While some feared Operation Rio Grande would move crime into their backyards, police say it depends on the city

Draper doesn’t see much change while Taylorsville and Murray say police calls are up. Data gathering underway could provide better answers whether it’s tied to Operation Rio Grande.

(Al Hartmann | Tribune file photo) After Operation Rio Grande, homeless camps have popped up everywhere. Some of the homeless have set up camps in the thick vegetation near the Jordan River south of 3900 S. and 900 W. just 50 yards off the Jordan River Parkway Trail. Camps are full of garbage, tarps, coolers and sleeping bags. Disposal of human waste at the camps is a health problem.

A man who Draper police said was recently homeless survived a self-inflicted gunshot wound to the head this week, an incident that rattled nerves after cities throughout the county were concerned that efforts to disrupt crime in Salt Lake City’s Rio Grande neighborhood would lead homeless residents to spread across the valley.

Draper police say the shooting, by a man who authorities say had been on the streets for one day when officers approached him and he fled, was unique in that they haven’t seen a “significant” rise in arrests or calls related to homeless residents.

Five months into the ongoing work, dubbed Operation Rio Grande, it’s hard to say whether fears of crime and problems pushed into other communities have come to pass. Some cities say they’ve tracked a rise in police calls that involved homeless individuals, while others have said they’ve had no significant increase.

“I know when the Rio Grande project [started] we sent out information to our guys if [they’re] running into homeless people and they tell us they’re from Rio Grande, we document that,” said Draper Police Chief John Eining. “We’re not seeing any type of significant increase.”

Eining said incidents are rare in Draper. An agency spokesman declined to provide data about what he and Eining said were insignificant changes after the operation’s launch.

“Don’t get me wrong; we do have homeless. We do have those issues. But they’re not significant,” Eining said. “I don’t think [Operation] Rio Grande, while it’s added to some of that population, it hasn’t added to it significantly.”

State and local officials formed Operation Rio Grande in August as part of what they said was a statewide effort to improve services for the homeless in the coming two years, starting by curbing brazen criminal activity in the area that’s home to Salt Lake City’s 1,100-bed shelter.

City council members and police departments braced for the potential impact the onslaught of a two-year effort to disrupt open drug use and other crime downtown would have in their backyards.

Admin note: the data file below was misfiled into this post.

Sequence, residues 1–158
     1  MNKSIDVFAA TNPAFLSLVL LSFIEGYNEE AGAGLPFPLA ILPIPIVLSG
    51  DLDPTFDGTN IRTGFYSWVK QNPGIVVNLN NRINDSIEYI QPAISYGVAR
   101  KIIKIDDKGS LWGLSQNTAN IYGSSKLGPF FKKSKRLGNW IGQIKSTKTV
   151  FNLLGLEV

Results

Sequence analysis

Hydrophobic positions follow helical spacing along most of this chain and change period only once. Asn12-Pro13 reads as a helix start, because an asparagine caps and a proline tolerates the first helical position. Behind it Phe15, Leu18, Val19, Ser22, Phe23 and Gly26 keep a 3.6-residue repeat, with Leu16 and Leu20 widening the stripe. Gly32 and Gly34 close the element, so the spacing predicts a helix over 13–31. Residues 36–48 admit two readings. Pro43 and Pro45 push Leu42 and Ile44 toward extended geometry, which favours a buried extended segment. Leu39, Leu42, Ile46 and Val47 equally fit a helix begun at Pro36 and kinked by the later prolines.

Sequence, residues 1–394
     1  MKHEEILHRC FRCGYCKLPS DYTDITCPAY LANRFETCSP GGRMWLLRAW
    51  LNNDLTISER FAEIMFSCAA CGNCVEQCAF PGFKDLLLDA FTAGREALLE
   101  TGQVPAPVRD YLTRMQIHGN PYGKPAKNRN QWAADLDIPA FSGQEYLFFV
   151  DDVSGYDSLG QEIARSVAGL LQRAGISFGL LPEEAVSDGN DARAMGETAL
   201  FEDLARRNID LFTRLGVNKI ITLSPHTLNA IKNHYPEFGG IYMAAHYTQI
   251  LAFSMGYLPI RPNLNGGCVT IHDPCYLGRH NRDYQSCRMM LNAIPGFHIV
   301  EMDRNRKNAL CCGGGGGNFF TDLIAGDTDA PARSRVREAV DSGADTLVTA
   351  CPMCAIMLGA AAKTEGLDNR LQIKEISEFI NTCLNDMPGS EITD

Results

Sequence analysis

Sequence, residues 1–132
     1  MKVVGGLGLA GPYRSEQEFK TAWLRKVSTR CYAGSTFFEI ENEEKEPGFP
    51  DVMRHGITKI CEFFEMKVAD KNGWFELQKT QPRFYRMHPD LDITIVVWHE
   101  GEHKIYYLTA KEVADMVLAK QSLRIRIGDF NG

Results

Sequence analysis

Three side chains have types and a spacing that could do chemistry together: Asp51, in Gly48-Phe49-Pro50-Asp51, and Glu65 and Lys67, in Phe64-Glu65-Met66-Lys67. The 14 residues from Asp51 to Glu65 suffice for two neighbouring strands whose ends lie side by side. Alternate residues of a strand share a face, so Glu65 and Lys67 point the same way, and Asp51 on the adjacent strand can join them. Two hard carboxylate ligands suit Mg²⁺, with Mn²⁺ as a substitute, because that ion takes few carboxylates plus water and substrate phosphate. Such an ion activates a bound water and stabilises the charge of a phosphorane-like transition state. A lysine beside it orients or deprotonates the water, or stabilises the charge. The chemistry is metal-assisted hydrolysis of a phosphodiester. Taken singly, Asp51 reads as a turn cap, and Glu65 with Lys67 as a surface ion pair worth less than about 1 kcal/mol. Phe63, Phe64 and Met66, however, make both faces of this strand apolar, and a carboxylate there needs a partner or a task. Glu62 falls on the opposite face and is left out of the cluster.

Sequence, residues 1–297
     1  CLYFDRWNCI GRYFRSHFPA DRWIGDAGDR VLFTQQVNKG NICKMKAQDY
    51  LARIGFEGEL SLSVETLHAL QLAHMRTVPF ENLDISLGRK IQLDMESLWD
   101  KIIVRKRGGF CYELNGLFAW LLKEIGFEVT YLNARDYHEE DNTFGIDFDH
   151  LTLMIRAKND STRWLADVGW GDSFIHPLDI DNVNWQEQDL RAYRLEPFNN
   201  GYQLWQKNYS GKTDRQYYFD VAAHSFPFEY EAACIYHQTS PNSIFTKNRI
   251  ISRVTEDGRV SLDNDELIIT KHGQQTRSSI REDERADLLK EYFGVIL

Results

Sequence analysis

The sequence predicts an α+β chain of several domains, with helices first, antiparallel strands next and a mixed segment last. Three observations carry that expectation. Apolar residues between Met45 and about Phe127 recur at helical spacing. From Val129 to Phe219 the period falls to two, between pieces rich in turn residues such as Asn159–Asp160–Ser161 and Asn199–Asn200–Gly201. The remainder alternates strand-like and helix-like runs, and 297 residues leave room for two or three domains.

Some police agencies — several citing a lack of data to confirm any possible trends — say they’re not seeing the wave that others had anticipated. Several agencies didn’t track such calls until after the operation started, when police from state and local agencies led an assault on crime downtown that has resulted in over 2,700 arrests.

Cities are intent on getting a better handle on whether the issues they’re facing related to homelessness can be traced to a reaction to the state-led operation. They say having that data will help as Utah officials continue work on homelessness.

Several cities are putting in place data-tracking systems so they can know whether someone who’s arrested is homeless and came from Rio Grande.

State officials said they expected their efforts to lead criminals to spread out, but they insisted the numerous law-enforcement agencies involved would follow and find them wherever they went.

The month after the operation started, lower-level crimes dropped in Rio Grande, which is also referred to as the Pioneer Park neighborhood, and rose in the neighborhoods surrounding it, according to data analyzed by The Salt Lake Tribune.

There are perceived problems in places like Taylorsville, where City Councilman Brad Christopherson says there’s been a rise in crime in recent months.

“Every year I’ve been on the council we’ve had a trend line on the crime that’s been decreasing,” Christopherson said. “Up until about two quarters ago, our trend line reversed. Now crime is increasing. It’s been a concern for members of the council and administration to get to the bottom of it.”

Unified Police Taylorsville Precinct Chief Tracy Wyant told City Council members calls related to transient residents, such as public intoxication and suspicious activity, climbed after Operation Rio Grande began, according to the Taylorsville City Journal.

“I don’t think there’s any doubt this problem will get worse before it gets better,” Wyant said, according to the paper. A Unified Police spokesman said Wyant wasn’t available to comment Wednesday.

In Murray, police officials say they have no way to tell whether crime related to homeless residents has climbed as a result of the operation. But they have noticed an increase.

“It went from... 14 calls in July to 66 in October” related to homeless residents broadly, said Lt. Doug Roberts, who is tracking the data. “A 600 percent increase in call volume.”

It’s unclear whether that jump happened because more people called about issues that had already existed before Operation Rio Grande or if people left Salt Lake City for other towns, Roberts said, though the city is working on a way to collect more refined data.

South Salt Lake, which will host one of three new homeless shelters scheduled to open in July 2019, also has recently begun collecting refined data to get a handle on any homeless-related issues before the men’s shelter opens.

“We are tracking this — if the people from Operation Rio Grande come to jail and we’re having to deal with them here,” said Gary Keller, a South Salt Lake police spokesman. “We’re trying to get that information, too. Where’d they come from? What brought them to South Salt Lake?”